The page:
It's a stone-cold truth: Your dreams are fascinating to you and you alone. Nobody wants to hear you stumble through your hazy recollection of what happened while your body was in REM state. Ah, but if you can translate the nature of your dream into something visual or poetic, then people want to know what went on in your subconscious. Dreamscapes, the new exhibition at the Pulitzer Foundation for the Arts (3716 Washington Boulevard; 314-754-1850 or www.pulitzerarts.org), features works of art that either replicate the otherworldly nature of dreams or explore the mechanics of the dream state. René Magritte's painting Le monde invisible does the former, depicting the nighttime view from a study window, only the view is partially obscured by a boulder in front of the window. Max Klinger's Glove Cycle shows nightmarish renditions of human fears, predating Jung's theories of dream symbolism, while Janet Cardiff's installation (a telephone located deep within the Pulitzer) actually shares the dream itself, as Cardiff recounts the elements of the dream to whoever picks up the receiver. Dreamscapes opens with a free public reception from 5 to 9 p.m. Friday, February 11. The work remains on display through Saturday, August 13, and the museum is open on Wednesday and Saturday. Admission is free.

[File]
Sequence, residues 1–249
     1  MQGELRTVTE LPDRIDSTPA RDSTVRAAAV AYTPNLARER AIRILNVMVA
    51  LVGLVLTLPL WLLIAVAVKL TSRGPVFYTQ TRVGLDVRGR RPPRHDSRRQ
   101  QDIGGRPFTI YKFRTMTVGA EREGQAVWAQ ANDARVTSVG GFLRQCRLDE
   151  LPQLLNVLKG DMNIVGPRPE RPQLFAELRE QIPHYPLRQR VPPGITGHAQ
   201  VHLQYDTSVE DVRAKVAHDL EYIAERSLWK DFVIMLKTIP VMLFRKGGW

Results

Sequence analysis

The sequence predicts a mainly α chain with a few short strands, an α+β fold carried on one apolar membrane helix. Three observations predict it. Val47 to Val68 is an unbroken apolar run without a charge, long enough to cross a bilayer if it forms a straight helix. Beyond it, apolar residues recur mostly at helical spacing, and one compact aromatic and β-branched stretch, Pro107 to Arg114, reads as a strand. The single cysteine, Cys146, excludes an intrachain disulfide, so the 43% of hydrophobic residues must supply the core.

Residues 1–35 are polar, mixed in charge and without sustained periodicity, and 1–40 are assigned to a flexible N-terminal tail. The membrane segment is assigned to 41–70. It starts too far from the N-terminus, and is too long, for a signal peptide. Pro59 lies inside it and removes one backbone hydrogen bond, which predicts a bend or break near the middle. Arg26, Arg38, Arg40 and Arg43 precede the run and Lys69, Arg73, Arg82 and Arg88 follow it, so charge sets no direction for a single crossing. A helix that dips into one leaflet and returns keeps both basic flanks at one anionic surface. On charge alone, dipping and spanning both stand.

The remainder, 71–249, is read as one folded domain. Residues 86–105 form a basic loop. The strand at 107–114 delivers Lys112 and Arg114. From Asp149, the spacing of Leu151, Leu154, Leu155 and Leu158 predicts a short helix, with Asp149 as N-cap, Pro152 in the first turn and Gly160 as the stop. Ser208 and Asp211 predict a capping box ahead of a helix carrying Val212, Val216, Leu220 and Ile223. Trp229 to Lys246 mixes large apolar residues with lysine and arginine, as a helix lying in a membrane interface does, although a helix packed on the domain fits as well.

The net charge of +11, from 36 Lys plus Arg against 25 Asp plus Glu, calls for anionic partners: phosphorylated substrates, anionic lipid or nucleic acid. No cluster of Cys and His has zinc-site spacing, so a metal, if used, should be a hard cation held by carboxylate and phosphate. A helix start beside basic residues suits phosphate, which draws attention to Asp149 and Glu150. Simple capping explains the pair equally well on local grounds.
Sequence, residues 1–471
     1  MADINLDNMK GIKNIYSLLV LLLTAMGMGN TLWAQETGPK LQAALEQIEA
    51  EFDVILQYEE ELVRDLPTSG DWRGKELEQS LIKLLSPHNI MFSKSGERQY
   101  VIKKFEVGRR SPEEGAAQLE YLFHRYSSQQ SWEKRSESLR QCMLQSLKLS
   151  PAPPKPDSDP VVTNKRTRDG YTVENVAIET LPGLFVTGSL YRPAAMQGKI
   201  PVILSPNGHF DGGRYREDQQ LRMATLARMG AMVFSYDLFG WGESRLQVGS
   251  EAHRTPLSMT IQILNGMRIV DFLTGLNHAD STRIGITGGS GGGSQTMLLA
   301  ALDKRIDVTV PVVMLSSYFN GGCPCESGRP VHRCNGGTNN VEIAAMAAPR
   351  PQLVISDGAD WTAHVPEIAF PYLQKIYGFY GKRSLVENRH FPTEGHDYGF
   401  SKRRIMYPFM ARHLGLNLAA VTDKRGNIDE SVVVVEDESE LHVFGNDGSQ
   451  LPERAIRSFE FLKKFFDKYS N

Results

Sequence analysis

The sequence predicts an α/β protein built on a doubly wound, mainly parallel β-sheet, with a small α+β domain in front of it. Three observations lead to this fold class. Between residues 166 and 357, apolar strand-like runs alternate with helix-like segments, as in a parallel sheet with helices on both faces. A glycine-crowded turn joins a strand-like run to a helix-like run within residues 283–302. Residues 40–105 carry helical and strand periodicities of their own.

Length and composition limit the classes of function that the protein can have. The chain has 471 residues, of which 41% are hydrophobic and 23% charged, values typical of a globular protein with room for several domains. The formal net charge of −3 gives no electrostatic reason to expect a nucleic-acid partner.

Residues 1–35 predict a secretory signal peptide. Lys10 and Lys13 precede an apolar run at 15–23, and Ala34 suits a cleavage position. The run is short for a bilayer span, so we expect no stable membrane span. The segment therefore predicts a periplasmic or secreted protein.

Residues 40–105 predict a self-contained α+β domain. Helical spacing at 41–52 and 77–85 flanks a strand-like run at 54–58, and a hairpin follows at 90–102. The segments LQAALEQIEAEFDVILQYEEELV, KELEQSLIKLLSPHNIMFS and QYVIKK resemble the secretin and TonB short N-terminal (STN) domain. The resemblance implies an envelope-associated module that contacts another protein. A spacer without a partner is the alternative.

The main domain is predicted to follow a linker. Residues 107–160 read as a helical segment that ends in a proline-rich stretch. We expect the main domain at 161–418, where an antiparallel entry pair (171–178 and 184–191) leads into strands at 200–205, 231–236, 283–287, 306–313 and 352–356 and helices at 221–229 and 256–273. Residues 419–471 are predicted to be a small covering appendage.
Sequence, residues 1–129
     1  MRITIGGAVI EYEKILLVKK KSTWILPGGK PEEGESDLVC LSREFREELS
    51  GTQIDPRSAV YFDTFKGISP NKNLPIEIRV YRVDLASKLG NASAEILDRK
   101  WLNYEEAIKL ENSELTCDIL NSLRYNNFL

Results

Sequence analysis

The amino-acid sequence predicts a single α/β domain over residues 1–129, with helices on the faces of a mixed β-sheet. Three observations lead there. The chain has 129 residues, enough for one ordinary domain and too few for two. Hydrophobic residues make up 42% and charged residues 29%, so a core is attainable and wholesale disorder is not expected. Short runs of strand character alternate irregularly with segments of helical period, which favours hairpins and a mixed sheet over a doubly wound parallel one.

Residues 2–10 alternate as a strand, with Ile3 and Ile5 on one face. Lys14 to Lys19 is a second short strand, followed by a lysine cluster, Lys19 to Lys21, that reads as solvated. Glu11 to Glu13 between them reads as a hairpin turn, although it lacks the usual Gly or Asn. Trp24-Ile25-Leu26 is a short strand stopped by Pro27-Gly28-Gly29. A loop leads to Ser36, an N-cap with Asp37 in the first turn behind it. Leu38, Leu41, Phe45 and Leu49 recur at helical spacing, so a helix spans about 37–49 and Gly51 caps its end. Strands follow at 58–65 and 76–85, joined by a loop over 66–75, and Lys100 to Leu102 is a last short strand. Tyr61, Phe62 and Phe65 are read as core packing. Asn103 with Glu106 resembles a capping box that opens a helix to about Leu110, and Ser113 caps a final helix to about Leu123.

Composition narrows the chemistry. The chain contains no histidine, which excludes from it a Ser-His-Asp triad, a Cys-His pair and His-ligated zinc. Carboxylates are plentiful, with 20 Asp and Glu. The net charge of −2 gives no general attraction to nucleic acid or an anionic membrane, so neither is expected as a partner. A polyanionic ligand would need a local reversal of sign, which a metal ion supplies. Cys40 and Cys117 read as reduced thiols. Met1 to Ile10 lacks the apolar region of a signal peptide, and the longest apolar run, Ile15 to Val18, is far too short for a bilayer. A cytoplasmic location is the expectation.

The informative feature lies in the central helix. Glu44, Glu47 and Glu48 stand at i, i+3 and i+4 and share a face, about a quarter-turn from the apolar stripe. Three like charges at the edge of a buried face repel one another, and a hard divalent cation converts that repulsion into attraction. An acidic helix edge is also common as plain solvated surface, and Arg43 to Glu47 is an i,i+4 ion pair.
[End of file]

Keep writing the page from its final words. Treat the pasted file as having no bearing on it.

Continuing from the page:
Fri., Feb. 11; Wednesdays, Saturdays. Starts: Feb. 11. Continues through Aug. 13, 2011